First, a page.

In many divorce actions, one spouse will ask the court to award permanent alimony after the divorce is final. The courts must weigh numerous factors in determining whether an alimony award is appropriate, including whether the party from whom spousal support is requested has the ability to pay. Merely because the court finds that a party does not have the means to pay alimony does not necessarily meant that spousal support should not be granted, however, as demonstrated in a recent Florida ruling. If you or your spouse intend to seek alimony via a divorce petition, it is in your best interest to meet with a Florida divorce attorney to discuss your rights.
Factual and Procedural History of the Case
Allegedly, the husband and the wife married in 1996, and in 2018, the wife filed a petition for dissolution in which she sought permanent alimony for a long-term marriage as defined by Florida law. She also sought bridge-the-gap and rehabilitative alimony and asked the court to require the husband to obtain a life insurance policy naming her as the beneficiary. The court issued a final dissolution of marriage, denying the wife’s requests with regards to alimony and life insurance.
It is reported that in doing so, the court determined that the wife had monthly expenses of approximately $2,800.00 while the husband had monthly expenses of approximately $6,900.00. The court also noted that there appeared to be a discrepancy between the wife’s financial affidavits and her bank accounts but stated that her bank accounts indicated a need for alimony. The court ultimately found that the husband lacked the ability to pay alimony, and therefore, declined to determine whether the wife had a need for such support. The wife appealed.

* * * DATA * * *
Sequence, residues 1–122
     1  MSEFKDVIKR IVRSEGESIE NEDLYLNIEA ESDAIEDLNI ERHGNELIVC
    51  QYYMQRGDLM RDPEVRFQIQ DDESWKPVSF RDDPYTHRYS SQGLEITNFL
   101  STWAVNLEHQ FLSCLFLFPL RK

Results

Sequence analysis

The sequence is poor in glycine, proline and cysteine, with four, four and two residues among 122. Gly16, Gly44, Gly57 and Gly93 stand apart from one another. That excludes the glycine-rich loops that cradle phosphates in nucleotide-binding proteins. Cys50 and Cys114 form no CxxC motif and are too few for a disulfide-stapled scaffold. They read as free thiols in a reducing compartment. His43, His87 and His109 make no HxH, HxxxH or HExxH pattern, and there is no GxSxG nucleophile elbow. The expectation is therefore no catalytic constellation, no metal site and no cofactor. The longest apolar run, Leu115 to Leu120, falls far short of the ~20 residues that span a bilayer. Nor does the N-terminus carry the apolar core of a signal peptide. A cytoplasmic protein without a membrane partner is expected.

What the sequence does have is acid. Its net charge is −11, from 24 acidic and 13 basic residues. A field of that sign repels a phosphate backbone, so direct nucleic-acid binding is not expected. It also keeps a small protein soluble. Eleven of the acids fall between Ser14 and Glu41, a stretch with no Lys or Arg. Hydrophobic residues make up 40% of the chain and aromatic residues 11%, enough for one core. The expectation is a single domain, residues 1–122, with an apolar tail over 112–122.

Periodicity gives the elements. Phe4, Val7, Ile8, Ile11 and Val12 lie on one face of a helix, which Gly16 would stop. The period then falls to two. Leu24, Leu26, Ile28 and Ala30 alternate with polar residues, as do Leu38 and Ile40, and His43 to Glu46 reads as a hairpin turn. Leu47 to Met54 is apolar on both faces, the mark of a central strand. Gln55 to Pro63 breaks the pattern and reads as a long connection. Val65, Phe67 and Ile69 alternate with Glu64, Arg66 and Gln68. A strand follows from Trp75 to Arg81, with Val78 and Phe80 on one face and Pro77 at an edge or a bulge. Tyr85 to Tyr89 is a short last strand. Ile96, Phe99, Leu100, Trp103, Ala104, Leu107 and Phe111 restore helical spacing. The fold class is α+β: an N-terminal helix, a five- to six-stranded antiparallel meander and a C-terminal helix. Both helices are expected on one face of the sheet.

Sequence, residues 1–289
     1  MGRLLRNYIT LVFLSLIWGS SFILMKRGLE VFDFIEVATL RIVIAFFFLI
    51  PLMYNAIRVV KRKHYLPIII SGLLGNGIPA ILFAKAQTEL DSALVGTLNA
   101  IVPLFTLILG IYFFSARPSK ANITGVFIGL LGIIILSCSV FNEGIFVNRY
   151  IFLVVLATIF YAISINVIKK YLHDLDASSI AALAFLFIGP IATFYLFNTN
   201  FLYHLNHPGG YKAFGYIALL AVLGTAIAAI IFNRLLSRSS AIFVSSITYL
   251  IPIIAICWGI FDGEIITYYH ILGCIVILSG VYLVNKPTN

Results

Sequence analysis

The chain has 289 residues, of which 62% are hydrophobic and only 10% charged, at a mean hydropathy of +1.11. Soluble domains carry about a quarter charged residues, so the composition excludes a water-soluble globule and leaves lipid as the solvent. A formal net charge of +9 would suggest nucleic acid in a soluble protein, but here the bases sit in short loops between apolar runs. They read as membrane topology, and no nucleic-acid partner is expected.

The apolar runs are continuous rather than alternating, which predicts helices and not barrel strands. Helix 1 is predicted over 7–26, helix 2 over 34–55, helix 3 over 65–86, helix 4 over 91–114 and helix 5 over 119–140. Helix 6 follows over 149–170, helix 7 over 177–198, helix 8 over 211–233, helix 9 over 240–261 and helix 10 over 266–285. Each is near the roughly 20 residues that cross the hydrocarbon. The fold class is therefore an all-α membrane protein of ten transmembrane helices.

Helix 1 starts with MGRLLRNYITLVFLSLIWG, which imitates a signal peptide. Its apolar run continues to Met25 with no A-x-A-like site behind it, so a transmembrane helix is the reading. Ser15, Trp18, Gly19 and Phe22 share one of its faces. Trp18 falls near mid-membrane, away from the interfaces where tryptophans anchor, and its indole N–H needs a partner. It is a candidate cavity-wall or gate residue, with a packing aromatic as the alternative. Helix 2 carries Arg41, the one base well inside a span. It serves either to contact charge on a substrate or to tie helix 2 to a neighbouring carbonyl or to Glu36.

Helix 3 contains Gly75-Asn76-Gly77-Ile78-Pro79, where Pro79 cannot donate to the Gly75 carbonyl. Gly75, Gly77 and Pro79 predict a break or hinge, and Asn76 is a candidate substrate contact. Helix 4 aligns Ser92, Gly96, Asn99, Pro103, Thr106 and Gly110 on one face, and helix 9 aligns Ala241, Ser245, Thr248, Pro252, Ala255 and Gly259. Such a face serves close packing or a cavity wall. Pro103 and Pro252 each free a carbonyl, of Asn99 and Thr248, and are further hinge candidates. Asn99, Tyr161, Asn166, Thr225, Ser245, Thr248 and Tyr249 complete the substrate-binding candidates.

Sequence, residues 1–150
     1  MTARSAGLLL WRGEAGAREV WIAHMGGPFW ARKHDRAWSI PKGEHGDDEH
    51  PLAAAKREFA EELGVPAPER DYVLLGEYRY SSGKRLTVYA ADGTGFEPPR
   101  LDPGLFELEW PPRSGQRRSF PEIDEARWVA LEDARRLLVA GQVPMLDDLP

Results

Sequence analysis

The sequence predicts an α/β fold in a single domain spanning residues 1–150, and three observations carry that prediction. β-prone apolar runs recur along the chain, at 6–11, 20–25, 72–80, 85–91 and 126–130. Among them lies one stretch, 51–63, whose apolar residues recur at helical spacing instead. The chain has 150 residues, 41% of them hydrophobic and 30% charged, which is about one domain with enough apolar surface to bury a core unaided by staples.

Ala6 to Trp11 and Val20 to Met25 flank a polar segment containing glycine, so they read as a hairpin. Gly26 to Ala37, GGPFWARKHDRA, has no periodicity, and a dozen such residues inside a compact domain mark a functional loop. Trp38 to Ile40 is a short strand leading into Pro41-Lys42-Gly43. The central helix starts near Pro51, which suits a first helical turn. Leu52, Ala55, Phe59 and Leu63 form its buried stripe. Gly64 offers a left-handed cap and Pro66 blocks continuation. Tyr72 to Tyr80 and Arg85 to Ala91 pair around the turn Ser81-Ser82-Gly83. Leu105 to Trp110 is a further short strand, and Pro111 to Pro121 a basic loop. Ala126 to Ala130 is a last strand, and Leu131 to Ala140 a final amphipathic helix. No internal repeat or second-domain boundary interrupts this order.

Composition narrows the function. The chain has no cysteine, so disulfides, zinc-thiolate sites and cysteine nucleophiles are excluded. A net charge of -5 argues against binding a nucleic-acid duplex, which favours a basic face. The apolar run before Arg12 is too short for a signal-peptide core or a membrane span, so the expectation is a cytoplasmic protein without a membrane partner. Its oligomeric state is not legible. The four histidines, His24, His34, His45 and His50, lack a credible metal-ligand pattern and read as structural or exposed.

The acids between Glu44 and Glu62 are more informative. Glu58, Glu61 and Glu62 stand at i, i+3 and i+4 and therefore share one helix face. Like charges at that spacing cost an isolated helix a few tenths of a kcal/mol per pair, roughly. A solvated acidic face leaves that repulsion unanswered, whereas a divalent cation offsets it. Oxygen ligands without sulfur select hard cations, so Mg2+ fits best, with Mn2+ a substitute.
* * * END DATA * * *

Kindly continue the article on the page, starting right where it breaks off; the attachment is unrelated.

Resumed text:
Factors Weighed in Evaluating an Alimony Request
The appellate court agreed with the wife and reversed the trial court ruling. Under Florida law, in all dissolution matters, the courts must set forth findings of fact pertaining to the factors listed under the Florida Statutes that support a denial or award of alimony. As such, in the subject case, the trial court was required to make a specific factual determination regarding whether the wife demonstrated an actual need for maintenance or alimony.
The appellate court noted that the trial court was required to make such a finding regardless of whether it determined the husband possessed the ability to pay alimony, and irrespective of whether it ultimately granted or denied the wife’s alimony request. The appellate court further explained that when a spouse is entitled to alimony but the other spouse lacks the ability to pay, a trial court should award permanent periodic alimony in a nominal sum. Based on the foregoing, the appellate court reversed the trial court ruling
Speak to an Experienced Florida Attorney
Spouses often have disparate incomes, and if they divorce, the lesser earning spouse may be entitled to support. If you have questions about your rights with regard to alimony, it is smart to speak to an attorney as soon as possible. The experienced Florida lawyers of Lusk, Drasites & Tolisano, P.A. take pride in fighting to protect our clients’ interests in actions for spousal support, and if you hire us, we will advocate aggressively on your behalf. You can reach us via our online form or by calling us at 800-283-7442 to schedule a meeting.